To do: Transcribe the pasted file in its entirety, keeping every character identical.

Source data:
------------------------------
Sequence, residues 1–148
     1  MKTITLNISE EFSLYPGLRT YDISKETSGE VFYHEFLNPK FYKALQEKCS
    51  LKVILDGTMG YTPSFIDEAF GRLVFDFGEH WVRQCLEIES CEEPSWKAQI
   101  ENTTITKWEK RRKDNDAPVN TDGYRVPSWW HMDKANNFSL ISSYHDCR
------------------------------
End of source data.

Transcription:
Sequence, residues 1–148
     1  MKTITLNISE EFSLYPGLRT YDISKETSGE VFYHEFLNPK FYKALQEKCS
    51  LKVILDGTMG YTPSFIDEAF GRLVFDFGEH WVRQCLEIES CEEPSWKAQI
   101  ENTTITKWEK RRKDNDAPVN TDGYRVPSWW HMDKANNFSL ISSYHDCR